Among the fully exploited species, the three-lined tongue sole Cynoglossus abbreviates in Cynoglossidae and the spear shrimp Parapenaeopsis hardwickii in Penaeidae are of local commercial importance. The B/BMSY of C. abbreviates was 0.83, close to overexploited status. The abundance of P. hardwickii has increased over the past decade; the species was a general species in 2008 (IRI < 100) (Xu and Sun, 2013) and became a dominant species (IRI > 500) in 2017/2018 (Zhang, 2020).
Among the non-fully exploited species, Osbeck’s grenadier anchovy Coilia mystus in Engraulidae is an important food fish in China and inhabits estuaries and coastal waters (Ni et al., 1999). It was listed as Endangered in 2018 (Hata, 2018). The stock of C. mystus in the Yangtze River Estuary, the most abundant region in China, almost collapsed (Liu et al., 2013). In the Min River Estuary and its adjacent waters, less than 600 km distance from the Yangtze River Estuary, C. mystus is a dominant species (IRI > 500) (Zhang, 2020); however, the sizes of C. mystus in commercial catches has shown a decline over the years from 5.0–26.4 cm SL in 2006/2007 to 7.0–21.0 cm SL in 2015 and to 4.0–21.0 cm SL in 2017/2018 (Wang et al., 2011; Kang et al., 2018b; the present study).
The current stock statuses of the 20 species revealed that some commercially important food fishes are overexploited in the Min River Estuary and its adjacent waters and that small-sized, non-commercial food species can also be overexploited. This is likely due to the non-selective fishery method using small mesh-sized nets employed in commercial demersal bottom fisheries along the coastal waters of China. About 200 species of fishes, crustaceans, and cephalopods have been reported from the Min River Estuary and its adjacent waters (Kang et al., 2018b; Zhang, 2020). It will be a challenge to find a way to continue exploiting the Min River Estuary for its fisheries resources without impacting the biodiversity that makes the estuary so productive. There is an urgent need for local and national fisheries authorities to focus on coastal fishery management.
Data Availability Statement
The datasets analyzed in this article are not publicly available. Requests to access the datasets should be directed to LZ.
The animal study was reviewed and approved by Fuzhou Ocean and Fisheries Bureau of China.
LZ and QR wrote the first draft. ML, QX, BK, and XJ revised the manuscript. LZ, QR, XJ, and ML performed the data analyses. All authors conducted commercial catch sampling and measurement.
This work was supported by the National Natural Science Foundation of China (grant no. 41976091) and the Fuzhou Ocean and Fisheries Bureau of China (contract no. XDHT2017074A). The funders had no role in study design, data collection and analysis, decision to publish, or preparation of the manuscript.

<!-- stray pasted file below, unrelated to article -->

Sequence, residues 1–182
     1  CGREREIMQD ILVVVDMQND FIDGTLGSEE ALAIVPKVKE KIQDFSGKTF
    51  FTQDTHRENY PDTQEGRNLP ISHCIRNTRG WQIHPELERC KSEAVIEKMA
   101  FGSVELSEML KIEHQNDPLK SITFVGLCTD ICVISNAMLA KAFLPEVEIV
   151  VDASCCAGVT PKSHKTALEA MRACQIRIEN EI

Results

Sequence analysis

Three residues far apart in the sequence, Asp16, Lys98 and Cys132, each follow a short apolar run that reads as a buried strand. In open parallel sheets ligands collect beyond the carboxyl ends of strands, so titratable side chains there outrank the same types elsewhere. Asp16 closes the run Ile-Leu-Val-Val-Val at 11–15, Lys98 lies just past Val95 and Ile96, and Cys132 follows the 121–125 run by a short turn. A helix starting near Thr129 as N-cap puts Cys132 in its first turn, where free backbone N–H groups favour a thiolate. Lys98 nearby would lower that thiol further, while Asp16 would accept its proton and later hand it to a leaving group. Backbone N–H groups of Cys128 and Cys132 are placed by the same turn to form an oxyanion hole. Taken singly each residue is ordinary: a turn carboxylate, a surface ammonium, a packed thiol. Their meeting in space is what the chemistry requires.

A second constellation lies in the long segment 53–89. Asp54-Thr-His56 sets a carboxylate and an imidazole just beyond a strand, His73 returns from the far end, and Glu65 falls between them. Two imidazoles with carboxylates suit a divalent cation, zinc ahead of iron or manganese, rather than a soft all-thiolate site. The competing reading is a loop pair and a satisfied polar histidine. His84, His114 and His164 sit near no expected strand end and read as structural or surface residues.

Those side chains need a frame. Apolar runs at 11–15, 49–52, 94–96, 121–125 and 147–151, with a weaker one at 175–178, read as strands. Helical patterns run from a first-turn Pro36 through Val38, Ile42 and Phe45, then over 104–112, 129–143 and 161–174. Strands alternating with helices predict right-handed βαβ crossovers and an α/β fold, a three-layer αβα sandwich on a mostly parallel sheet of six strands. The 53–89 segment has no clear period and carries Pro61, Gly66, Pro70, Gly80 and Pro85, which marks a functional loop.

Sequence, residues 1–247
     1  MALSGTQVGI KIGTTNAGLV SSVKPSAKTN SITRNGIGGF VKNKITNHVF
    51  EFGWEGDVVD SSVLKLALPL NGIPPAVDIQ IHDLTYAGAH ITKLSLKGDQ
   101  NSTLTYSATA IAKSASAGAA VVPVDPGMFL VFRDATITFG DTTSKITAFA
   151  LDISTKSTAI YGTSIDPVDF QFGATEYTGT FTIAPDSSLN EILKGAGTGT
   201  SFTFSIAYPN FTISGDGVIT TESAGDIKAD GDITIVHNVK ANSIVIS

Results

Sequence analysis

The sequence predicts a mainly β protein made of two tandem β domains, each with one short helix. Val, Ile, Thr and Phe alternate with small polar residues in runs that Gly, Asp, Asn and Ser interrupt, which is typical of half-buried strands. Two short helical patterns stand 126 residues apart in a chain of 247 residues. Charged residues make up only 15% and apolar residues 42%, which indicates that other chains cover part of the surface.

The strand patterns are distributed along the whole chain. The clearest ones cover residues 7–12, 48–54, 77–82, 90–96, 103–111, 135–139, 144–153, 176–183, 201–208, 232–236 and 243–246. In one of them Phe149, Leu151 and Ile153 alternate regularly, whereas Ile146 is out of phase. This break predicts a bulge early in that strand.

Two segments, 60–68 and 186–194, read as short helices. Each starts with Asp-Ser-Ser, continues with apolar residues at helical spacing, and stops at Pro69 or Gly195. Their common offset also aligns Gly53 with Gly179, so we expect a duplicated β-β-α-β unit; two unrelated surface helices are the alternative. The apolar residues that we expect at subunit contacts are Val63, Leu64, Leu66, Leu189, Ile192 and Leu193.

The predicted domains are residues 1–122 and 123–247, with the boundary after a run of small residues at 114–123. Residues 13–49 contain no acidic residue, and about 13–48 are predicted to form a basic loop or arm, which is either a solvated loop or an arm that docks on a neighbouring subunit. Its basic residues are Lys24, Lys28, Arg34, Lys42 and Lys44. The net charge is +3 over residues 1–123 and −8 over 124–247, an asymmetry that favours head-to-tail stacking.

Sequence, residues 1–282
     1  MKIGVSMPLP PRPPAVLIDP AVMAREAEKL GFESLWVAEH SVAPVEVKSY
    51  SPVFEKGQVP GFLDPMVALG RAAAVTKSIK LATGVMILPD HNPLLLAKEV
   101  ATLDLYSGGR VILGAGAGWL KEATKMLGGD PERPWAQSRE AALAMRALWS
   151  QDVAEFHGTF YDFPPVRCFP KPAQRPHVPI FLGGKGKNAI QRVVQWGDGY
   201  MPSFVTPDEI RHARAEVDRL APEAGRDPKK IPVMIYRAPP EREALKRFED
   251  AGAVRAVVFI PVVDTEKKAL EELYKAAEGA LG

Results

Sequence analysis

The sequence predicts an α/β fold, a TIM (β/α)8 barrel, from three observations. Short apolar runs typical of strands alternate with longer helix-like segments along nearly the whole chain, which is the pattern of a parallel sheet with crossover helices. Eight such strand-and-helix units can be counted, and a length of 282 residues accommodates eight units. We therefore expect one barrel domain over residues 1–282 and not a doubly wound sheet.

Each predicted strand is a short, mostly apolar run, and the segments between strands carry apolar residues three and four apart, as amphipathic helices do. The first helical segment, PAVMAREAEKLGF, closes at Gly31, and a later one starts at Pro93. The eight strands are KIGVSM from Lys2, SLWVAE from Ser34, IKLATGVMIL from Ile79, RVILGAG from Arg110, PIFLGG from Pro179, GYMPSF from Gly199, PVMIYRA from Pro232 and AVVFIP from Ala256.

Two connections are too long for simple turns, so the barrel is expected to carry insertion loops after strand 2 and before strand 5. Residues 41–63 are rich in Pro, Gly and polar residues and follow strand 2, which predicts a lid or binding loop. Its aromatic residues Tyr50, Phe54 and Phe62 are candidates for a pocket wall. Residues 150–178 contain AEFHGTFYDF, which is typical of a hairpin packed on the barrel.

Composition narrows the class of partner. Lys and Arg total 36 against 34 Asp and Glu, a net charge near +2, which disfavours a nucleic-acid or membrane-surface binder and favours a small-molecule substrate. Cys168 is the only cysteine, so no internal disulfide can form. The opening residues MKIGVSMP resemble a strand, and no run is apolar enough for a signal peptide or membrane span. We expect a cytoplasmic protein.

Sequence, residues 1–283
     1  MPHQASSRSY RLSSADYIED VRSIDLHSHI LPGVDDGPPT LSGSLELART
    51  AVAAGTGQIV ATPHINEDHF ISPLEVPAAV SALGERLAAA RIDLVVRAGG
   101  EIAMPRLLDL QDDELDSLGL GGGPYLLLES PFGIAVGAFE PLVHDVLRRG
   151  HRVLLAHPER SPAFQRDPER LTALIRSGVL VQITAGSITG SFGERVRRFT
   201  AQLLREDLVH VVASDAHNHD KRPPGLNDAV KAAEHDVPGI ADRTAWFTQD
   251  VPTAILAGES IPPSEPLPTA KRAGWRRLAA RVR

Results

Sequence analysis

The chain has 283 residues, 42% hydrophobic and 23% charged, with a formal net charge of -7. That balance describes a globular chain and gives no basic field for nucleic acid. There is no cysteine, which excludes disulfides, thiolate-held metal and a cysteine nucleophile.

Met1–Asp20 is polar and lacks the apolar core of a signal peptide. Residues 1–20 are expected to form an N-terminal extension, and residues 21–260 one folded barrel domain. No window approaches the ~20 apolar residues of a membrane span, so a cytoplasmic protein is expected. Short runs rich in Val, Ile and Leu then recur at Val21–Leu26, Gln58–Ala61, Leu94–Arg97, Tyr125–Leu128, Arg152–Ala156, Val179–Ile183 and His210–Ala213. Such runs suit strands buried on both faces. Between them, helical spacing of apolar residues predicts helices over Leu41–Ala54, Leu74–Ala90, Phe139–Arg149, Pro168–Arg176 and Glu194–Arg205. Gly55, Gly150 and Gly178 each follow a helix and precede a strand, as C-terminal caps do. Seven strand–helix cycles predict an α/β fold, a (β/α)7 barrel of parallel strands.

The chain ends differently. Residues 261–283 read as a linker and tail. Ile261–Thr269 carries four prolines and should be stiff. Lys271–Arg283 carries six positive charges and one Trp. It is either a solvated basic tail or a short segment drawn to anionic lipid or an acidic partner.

Conflict of Interest
The authors declare that the research was conducted in the absence of any commercial or financial relationships that could be construed as a potential conflict of interest.
Frontiers Media SA remains neutral with regard to jurisdictional claims in published maps and institutional affiliations.
We thank Rui Guo, Zhi-jian Huang, Bai-an Lin, and Jian-jie Lin for sample collection and measurement.
The Supplementary Material for this article can be found online at: https://www.frontiersin.org/articles/10.3389/fmars.2020.00507/full#supplementary-material
Afzaal, Z., Kalhoro, M. A., Buzdar, M. A., Nadeem, A., Saeed, F., Haroon, A., et al. (2016). Stock assessment of blue swimming crab Portunus pelagicus (Linnaeus, 1758) from Pakistani waters (Northern, Arabian Sea). Pak. J. Zool. 48, 1531–1541.
Al-Qishawe, M. M. S., Ali, T. S., and Abahussain, A. A. (2014). Stock assessment of white spotted rabbitfish (Siganus canaliculatus Park, 1797) in Jubail marine wildlife sanctuary, Saudi Arabia. Int. J. Fish. Aquat. Stud. 1, 48–54.
Amorim, P., Sousa, P., Jardim, E., and Menezes, G. M. (2019). Sustainability status of data-limited fisheries: global challenges for snapper and grouper. Front. Mar. Sci. 6:654. doi: 10.3389/fmars.2019.00654
Benjamin, D., and Kurup, B. M. (2012). Stock assessment of dolphinfish, Coryphaena hippurus (Linnaeus, 1758) off the southwest coast of India. J Mar. Biol. Assoc. India 54, 95–99. doi: 10.6024/jmbai.2012.54.1.01675-1671
Chu, Y., and Wu, H. (1985). “Sciaenidae,” in Fishes of Fujian Province Editorial Subcommittee, The Fishes of Fujian Province (Part II), Ed. X. L. Chu, (China: Fujian Science and Technology Press), 135–136.
Dennis, G. D. (1991). The validity of length-frequency derived growth parameters from commercial catch data and their application to stock assessment of the yellowtail snapper (Ocyurus chrysurus). Proc. Gulf Caribbean Fish. Inst. 40, 126–138.
Fournier, D. A., Hampton, J., and Sibert, J. R. (1998). MULTIFAN-CL: a length-based, age-structured model for fisheries stock assessment, with application to South Pacific albacore. Thunnus alalunga. Can. J. Fish. Aquat. Sci. 55, 2105–2116. doi: 10.1139/cjfas-55-9-2105